In the bed, my leg a hill, when I sit up it redistributes itself. I cross: the skin-surface rippled, wind on a sea sky-lit. When did I get these vague outsides. I’m made of silver snail trails from some angles and then not. Look. Turn away from the light. Gone. Sheen of a curve catching overexposure, unflatter (to get flatter), the criss-crosses of bright like swimming pool wavelets, reflections cast, all the times I’ve made myself bigger and smaller (now why would you go and do that.)
Those who described me in terms of: bounty, plenty, volume, increase, abundance. Croissance, eating too many croissants. Those descriptions, you’d think you were a landscape or a food half the time if you didn’t keep a careful eye on what you were. In the long black garments of different lengths and sizes, you square your shoulders, walk leant forward.
The things seemingly garnering remark and appreciation the things hated most, the decoy, the meat suit. The thing they are complimenting is someone else, the ill-advised Celtic Tiger extension on the house, the cringey back garden conservatory. (Why that image, I have never lived anywhere with a conservatory. Just want to get that out there.) Sometimes I don’t think I’ll ever understand what people want me to look like. Sometimes I don’t think I’ll ever understand what people want me. Sometimes I don’t think I’ll ever understand what people want. Sometimes I don’t think I’ll ever understand – what – people. Sometimes I don’t think I’ll ever understand. Sometimes I don’t think.
A slug, a ghost, a rock face but soft. Because something with striations. The name of the rock with glitter bits embedded: what. Forgotten now but maybe schist. I look like schist; I’ve stopped giving a schist.
To have a body that doesn’t require careful posing, precarious arrangement. I had a friend who said the flat she moved into had a big mirror on one wall facing the bed and she just lay there one day in the nip going ‘oh jesus this bit of me does this when I do this and then that bit does that when I do that.’ Still the preoccupation with ourselves, with what they think of us, or what they might think, when they look at us, if we are not prepared in the way that minimizes everything looking awful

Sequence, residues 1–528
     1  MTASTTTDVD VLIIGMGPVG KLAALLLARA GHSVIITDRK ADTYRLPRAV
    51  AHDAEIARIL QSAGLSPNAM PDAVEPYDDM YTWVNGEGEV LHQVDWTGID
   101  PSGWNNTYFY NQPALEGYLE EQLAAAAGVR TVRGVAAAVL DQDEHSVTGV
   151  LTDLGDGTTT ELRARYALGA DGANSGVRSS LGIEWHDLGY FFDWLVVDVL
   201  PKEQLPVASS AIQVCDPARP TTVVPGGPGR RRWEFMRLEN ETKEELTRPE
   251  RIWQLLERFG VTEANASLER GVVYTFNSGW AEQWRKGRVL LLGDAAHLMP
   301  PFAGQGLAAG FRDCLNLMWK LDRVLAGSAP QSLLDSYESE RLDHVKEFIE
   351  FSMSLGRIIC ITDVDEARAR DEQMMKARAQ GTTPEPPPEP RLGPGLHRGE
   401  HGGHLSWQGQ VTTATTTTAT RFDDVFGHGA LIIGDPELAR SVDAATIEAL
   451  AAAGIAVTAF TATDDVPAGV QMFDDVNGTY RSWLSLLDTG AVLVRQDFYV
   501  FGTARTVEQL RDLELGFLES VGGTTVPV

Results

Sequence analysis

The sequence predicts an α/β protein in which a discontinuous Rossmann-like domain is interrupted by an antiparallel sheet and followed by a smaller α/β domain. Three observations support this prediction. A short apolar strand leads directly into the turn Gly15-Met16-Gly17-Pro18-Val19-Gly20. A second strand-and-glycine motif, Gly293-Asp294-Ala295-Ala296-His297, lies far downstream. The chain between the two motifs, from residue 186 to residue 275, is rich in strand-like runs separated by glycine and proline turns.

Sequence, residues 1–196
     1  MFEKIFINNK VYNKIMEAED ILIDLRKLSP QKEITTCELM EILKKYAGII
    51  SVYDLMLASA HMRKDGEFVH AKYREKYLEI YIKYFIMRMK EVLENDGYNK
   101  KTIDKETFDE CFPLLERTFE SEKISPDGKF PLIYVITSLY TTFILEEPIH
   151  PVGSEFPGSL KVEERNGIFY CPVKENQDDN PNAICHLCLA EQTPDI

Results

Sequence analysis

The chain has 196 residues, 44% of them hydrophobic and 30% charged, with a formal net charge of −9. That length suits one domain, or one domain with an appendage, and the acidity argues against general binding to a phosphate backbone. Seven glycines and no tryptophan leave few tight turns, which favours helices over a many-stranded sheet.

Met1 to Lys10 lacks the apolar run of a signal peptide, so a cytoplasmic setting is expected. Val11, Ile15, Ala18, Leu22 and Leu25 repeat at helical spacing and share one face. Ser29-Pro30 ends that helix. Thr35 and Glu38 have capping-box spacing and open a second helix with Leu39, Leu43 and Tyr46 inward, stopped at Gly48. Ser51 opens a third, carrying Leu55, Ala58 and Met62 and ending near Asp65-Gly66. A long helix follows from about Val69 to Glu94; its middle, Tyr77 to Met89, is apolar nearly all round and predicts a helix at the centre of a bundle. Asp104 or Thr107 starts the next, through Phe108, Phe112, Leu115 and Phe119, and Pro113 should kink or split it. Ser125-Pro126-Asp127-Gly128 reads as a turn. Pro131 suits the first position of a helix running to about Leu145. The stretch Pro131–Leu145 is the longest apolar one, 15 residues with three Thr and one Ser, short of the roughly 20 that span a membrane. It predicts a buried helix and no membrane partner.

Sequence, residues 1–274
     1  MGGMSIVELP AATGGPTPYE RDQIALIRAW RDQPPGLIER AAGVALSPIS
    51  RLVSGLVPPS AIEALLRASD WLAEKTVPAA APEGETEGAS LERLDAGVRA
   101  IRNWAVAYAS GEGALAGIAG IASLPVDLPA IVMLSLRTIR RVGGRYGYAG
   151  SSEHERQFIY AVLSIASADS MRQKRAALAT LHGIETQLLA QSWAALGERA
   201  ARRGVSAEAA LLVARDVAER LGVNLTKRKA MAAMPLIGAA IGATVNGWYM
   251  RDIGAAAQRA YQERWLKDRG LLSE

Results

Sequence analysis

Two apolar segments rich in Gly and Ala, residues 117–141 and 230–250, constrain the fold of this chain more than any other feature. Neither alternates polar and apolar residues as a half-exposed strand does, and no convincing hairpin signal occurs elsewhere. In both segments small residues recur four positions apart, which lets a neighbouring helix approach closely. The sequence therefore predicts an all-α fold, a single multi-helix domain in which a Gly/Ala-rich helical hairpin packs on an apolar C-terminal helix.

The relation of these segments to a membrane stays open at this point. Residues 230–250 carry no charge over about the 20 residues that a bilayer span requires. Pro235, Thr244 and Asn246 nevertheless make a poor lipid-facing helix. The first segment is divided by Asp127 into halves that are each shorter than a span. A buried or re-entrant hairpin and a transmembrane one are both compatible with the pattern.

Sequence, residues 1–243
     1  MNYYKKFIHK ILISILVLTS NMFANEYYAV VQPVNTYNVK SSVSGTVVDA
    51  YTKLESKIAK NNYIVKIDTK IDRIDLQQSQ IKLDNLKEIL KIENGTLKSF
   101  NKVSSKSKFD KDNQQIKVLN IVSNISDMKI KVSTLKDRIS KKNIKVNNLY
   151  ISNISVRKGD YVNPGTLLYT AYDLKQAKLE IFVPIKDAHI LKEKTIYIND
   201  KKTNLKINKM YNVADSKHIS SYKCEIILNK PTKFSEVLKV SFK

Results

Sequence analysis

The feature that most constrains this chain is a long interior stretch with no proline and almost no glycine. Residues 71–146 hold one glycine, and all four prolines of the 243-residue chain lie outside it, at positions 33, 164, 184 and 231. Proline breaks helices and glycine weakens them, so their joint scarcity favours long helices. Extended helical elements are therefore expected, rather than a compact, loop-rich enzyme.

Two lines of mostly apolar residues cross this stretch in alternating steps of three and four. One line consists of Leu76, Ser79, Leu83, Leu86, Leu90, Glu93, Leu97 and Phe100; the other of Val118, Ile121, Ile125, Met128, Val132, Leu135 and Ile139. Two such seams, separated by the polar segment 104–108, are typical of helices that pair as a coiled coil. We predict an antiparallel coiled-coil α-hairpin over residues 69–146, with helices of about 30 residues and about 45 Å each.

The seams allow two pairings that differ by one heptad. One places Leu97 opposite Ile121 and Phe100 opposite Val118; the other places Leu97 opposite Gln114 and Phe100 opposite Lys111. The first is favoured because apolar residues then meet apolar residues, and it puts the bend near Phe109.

they only want to sell you light. Us in the darkness of trying to get ourselves lighter, and then there’s the cellulite. I am told it is irreversible. I had another friend who was concerning herself constantly with buying special brushes intended for the brisk exfoliation of the butt cheek. As if you could scare the undulations away, banish them like bits of fluff to the corners of a room, the woman’s work of brushing, shushing. Dust! It’s like a kind of sparkle dust, the way from some angles from some squeezings and impressions I dissolve into silver trenches. Scars from wounds I didn’t feel I was getting they happened so slowly, battles in your sleep.
There’s cellulite and there’s stretch marks and there I am conflating them, unforgivable, I am sure there are beauticians, dieticians, devoted to precisely this distinction, but it is sometimes difficult to tell wave crests from depressions somehow in the silver grid, slow flux. (I’ve stopped giving any flux.)
In a poem I heard someone read once, but I forget the poet: but they said guilt-edged for gilt-edged. Shimmering shame.
Cliché slam poetry line about stardust and everyone being made of stars. Or which is the cliché, that or the thing about the stars being dead by the time their light reaches you. Both. Both are slam poetry clichés.
I wonder is the silver-looking skin is it dead, is that what’s wrong with it. Bits of me ghostening themselves even here, now, in preparation, while I try my best at the business of living, if you can call my lying living.
Are there people who go around just not looking down at themselves? Who walk into rooms with mirrors in them and don’t look up at themselves, across at themselves? Who swear up and down that they never are cross with themselves?
Alicia Byrne Keane is a PhD student from Dublin, Ireland. She has a first class honours degree in English Literature and French from Trinity College Dublin and a MSt. in English Literature 1900-Present from Oxford University. She is currently working on a PhD study of ‘vagueness’ and translation in the work of Samuel Beckett and Haruki Murakami. She has performed poetry at events such as Electric Picnic, Lingo Festival, and Body & Soul, and has more recently turned to writing prose pieces. She is currently working on a novel/photobook hybrid, combining personal essays with fictional pieces.